Hubbard Glacier, Alaska: Growing and Advancing in Spite of Global Climate Change and the 1986 and 2002 Russell Lake Outburst Floods

U.S. Geological Survey Fact Sheet 001-03
January 2003

by D.C. Trabant, R.S. March, and D.S. Thomas

A PDF version of this report is available.


Hubbard Glacier, the largest calving glacier on the North American Continent (25 percent larger than Rhode Island), advanced across the entrance to 35-mile-long Russell Fiord (fig.1) during June 2002, temporarily turning it into a lake. Hubbard Glacier has been advancing for more than 100 years and has twice closed the entrance to Russell Fiord during the last 16 years by squeezing and pushing submarine glacial sediments across the mouth of the fiord (figs. 2 and 3). Water flowing into the cutoff fiord from mountain streams and glacier melt causes the level of Russell Lake to rise. However both the 1986 and 2002 dams failed (fig. 4) before the lake altitude rose enough for water to spill over a low pass at the far end of the fiord and enter the Situk River drainage, a world-class sport and commercial fishery near Yakutat, Alaska.

map showing Hubbard Glacier and Russell Fiord study area.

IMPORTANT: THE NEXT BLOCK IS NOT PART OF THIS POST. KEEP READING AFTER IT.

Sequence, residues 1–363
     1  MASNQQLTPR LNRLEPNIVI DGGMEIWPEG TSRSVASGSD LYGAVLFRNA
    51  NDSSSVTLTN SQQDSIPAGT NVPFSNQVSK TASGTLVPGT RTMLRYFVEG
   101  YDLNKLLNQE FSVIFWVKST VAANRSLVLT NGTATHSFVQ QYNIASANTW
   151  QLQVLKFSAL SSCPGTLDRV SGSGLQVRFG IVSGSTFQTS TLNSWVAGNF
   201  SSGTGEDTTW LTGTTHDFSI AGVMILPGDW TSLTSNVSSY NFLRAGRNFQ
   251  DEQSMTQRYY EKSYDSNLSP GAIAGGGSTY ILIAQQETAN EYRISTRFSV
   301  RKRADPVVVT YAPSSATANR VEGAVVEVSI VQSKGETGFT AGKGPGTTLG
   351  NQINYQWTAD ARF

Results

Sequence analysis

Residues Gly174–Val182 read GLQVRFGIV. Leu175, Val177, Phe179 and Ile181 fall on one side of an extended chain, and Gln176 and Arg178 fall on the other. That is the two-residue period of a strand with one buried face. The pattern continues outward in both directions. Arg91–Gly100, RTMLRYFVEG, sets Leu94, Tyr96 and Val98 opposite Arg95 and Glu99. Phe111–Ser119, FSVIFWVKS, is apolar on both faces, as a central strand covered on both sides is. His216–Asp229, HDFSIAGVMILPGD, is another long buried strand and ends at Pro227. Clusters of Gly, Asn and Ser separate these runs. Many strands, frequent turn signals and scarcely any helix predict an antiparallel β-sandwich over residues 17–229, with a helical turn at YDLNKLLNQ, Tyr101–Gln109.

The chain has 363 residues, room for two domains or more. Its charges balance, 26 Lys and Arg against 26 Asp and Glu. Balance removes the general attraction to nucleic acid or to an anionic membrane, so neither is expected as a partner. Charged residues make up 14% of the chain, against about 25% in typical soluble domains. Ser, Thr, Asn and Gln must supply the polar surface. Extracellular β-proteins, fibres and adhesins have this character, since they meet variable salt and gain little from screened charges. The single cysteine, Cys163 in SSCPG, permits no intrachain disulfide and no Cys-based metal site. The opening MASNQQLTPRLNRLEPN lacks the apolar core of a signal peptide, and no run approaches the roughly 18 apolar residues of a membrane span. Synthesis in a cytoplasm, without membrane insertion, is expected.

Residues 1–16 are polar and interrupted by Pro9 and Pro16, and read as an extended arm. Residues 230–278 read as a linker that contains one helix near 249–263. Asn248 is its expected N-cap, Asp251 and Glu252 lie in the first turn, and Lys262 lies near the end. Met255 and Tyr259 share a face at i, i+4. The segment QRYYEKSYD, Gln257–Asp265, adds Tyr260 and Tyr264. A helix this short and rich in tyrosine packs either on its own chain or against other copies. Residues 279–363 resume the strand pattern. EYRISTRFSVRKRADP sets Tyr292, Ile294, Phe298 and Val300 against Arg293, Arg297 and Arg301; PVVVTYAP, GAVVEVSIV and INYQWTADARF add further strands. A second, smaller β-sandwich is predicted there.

Figure 1. Hubbard Glacier and Russell Fiord study area.

Calving Glaciers are Unresponsive to Climate

Hubbard Glacier is defying the global paradigm of valley or mountain glacier shrinkage and retreat in response to global climate warming. Hubbard Glacier is the largest of eight calving glaciers in Alaska that are currently increasing in total mass and advancing. All of these glaciers calve into the sea, are at the heads of long fiords, have undergone retreats during the last 1,000 years, calve over relatively shallow submarine moraines, and have unusually small ablation areas compared to their accumulation areas.

Ablation: All processes by which snow and ice are lost from a glacier.

Accumulation: All processes by which snow and ice are added to a glacier.

photo (fig2)
Figure 2. Submarine glacial sediments emerging from the sea May 20, 2002. Photo by Bill Lucey, U.S. Forest Service.

For example, Hubbard Glacier retreated about 38 miles between 1130 A.D. and late in the 19th century (fig. 1). The fiord bottom lies 1,300 feet below sea level under the glacier, shallows to a depth of 200-250 feet at the glacier calving terminus, and then deepens again to as much as 750 feet below sea level down Disenchantment Bay. The accumulation area of Hubbard Glacier is 95 percent of the entire glacier area and, like the other growing calving glaciers, is far from being in equilibrium with climate.

photo (fig3) photo (fig4)